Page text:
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Finding the right cabinet design for the right driver


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8 replies to this topic

#1 of 9 OFFLINE   DonnyC123

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Posted January 14 2013 - 10:12 AM

I'm looking for a little insight for which cabinet is right for my driver. I'm curently using a Ciare 15.00 Sw driver in a Mackie Sw1501 cabinet. http://www.usspeaker...re 1500sw-1.htm link for Ciare 15 Sw http://www.mackie.co...oducts/swa1501/ link for Mackie Sw1501 Again, I'm only using the cabinet from the Mackie which I picked up second hand. My only use for this sub is for home theater and the more I'm reading the less convinced I am that this is the way to go. I'm relatively new to this so I could be wrong. The Mackie cabinet states that this is a double horn loaded design. It's quite odd. The front of the cabinet has a small chamber with vent for the front of the driver and the back is a separate chamber that feeds into two horns. Which is basically almost the length of the entire cabinet with a piece of wood dividing it into the two parts at the bottom of the cabinet. There are no flares on the horns. For home theater I'm not sure if this setup is getting me down to 20 hz or not. Will this type of enclosure limit frequency response down to 20 hz even if the driver is rated for it? I'm pushing 1475w rms from an Audiotrak amp into the Ciare 15 sw which needs a ton of power. It sounds mighty but I'm looking to get the most out of the system. Any insight would be great. Thanks to all for the time -Don

#2 of 9 OFFLINE   Robert_J

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Posted January 14 2013 - 02:09 PM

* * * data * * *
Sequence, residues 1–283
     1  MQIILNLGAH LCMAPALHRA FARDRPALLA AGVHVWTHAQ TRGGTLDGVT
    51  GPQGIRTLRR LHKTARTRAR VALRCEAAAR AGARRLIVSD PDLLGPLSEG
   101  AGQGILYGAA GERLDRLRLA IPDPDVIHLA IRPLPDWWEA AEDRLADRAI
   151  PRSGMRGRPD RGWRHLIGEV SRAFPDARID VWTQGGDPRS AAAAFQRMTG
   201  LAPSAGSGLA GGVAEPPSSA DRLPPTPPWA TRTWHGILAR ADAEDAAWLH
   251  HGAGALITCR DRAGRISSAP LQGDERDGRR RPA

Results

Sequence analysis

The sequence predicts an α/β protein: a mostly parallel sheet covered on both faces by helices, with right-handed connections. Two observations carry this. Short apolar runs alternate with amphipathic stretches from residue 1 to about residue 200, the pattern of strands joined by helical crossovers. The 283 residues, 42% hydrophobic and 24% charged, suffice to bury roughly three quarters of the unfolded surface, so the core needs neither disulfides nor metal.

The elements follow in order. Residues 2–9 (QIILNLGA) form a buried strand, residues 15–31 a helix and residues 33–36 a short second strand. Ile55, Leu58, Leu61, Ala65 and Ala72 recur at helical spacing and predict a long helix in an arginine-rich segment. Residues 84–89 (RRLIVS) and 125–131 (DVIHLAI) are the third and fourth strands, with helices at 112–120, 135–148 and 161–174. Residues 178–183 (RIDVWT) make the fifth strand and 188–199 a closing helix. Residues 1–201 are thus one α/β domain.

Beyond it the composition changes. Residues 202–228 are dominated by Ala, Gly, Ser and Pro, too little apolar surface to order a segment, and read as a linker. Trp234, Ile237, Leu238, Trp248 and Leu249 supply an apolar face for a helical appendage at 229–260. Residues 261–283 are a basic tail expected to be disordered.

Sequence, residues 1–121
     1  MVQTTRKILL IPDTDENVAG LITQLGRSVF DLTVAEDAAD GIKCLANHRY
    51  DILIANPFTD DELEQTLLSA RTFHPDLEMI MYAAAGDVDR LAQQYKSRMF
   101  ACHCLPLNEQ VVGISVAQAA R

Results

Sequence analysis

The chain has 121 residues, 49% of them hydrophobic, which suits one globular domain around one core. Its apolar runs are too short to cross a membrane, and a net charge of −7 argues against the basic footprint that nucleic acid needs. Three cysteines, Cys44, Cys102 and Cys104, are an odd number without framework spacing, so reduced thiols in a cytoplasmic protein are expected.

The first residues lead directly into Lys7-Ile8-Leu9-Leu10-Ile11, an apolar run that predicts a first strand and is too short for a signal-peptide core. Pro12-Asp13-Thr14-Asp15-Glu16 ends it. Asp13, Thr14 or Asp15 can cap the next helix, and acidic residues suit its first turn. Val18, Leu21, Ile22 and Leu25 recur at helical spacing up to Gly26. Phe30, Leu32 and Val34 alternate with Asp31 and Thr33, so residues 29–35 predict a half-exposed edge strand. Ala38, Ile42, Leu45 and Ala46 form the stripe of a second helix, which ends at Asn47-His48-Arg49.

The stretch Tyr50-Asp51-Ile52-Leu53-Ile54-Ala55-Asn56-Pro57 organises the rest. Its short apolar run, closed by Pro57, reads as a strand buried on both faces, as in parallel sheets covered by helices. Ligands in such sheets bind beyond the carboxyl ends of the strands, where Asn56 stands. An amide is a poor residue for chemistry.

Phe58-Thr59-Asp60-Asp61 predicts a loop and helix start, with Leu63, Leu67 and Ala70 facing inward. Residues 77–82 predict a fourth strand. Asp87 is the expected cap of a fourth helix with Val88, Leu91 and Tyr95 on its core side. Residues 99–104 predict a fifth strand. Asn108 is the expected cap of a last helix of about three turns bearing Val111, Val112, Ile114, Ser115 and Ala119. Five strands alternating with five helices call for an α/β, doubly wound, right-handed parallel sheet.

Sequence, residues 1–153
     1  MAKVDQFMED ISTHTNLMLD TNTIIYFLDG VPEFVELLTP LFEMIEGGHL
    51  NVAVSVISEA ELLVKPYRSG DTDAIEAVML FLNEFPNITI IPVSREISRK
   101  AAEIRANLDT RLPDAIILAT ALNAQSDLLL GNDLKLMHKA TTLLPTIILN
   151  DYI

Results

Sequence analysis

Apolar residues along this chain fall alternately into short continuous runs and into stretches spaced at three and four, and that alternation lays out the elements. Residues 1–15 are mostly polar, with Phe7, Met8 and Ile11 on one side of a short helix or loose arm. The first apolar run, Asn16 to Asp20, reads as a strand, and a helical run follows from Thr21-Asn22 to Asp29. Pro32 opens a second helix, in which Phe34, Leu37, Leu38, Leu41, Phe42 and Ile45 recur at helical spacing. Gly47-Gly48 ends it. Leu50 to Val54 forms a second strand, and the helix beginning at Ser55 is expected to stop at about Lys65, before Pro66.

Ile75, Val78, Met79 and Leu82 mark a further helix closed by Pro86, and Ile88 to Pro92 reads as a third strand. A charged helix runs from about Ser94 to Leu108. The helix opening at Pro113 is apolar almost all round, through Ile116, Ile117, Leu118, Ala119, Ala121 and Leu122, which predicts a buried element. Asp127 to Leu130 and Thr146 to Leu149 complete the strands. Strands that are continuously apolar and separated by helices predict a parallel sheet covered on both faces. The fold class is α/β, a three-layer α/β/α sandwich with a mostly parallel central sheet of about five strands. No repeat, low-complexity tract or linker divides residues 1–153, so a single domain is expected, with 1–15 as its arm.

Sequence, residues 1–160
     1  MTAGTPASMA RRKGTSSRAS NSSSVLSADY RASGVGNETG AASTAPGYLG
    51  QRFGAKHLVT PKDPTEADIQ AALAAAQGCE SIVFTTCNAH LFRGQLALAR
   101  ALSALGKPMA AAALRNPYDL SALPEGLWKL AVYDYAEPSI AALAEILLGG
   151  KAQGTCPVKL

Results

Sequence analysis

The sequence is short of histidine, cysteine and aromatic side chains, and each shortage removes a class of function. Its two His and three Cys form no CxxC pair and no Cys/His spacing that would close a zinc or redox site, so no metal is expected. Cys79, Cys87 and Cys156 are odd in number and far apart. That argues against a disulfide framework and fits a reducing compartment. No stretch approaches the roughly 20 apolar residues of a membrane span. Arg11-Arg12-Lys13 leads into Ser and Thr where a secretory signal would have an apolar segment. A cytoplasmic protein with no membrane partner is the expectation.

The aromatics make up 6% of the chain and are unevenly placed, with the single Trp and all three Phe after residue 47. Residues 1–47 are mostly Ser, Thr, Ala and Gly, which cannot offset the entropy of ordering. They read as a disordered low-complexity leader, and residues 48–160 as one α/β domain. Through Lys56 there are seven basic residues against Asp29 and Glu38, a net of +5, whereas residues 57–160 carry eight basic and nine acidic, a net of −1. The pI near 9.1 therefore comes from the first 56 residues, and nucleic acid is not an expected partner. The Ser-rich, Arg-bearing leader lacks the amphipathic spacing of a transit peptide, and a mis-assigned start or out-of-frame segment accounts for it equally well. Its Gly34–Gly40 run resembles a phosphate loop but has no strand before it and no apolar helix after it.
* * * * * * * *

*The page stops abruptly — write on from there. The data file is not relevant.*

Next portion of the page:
For home theater I'm not sure if this setup is getting me down to 20 hz or not.

Not even close. The enclosure is ported and based on the specs of 36hz it is probably tuned to around 40hz.

Will this type of enclosure limit frequency response down to 20 hz even if the driver is rated for it?

It doesn't matter what the driver is rated for. Sending information to a sub below the enclosure's tuning frequency is a recipe for disaster. Look at the Thiele/Small parameters on the driver. Xmax is 11.5mm. That's great for a sub designed to reproduce live rock music, not one that is designed for a home theater.

I'm pushing 1475w rms from an Audiotrak amp into the Ciare 15 sw which needs a ton of power.

That power, coupled with sending information lower than the enclosure's tuning frequency will destroy your driver via over excursion. And your sub doesn't NEED a ton of power. In fact with 92db/1 watt sensitivity, it shouldn't need much power at all to play LOUD. It just won't play low. The 4" voice coil will handle a lot of power as long it plays frequencies it was designed to play.

Any insight would be great. Thanks to all for the time

Start over. Neither the driver nor the enclosure is designed for a home theater. If you had a band, it would be great. For example, I use a pair 15" TC-3000's in my home theater. http://web.archive.o....com/tc3000.htm Look at the T/S parameters for the drivers. 1. The xmax is 30mm (yours 11.5) 2. The sensitivity is 88.6 (yours 92.5) 3. The Fs is 22 hz (yours 38.2 hz) The TC Sounds sub is designed to play LOW but requires a lot a power to get there. Your sub is designed to play LOUD but not require a lot of power. If you want to start over, we need a budget. And what amp are you currently using?

#3 of 9 OFFLINE   DonnyC123

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Posted January 15 2013 - 09:21 AM

Thanks, That was very helpful. Is the ciare 15" a good fit for the enclosure? I've played with bands on and off and if it's a good fit I'll just leave it for live sound reinforcement. The tc-3000's have a Quad voice coil.... I haven't run into this before. According to the wiring schematics it's possible to run it a .35 ohms. Is that correct? Is there any amp that can handle that low of impedance? Could you go into a little more detail? The amp I'm currently using is an Audiotrak at 2500 http://www.audiotrak...0-2500-Amps.pdf Would that amp be suitable to push these drivers? Would one or two drivers be optimal based on the amp?

#4 of 9 OFFLINE   Robert_J

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Posted January 15 2013 - 01:35 PM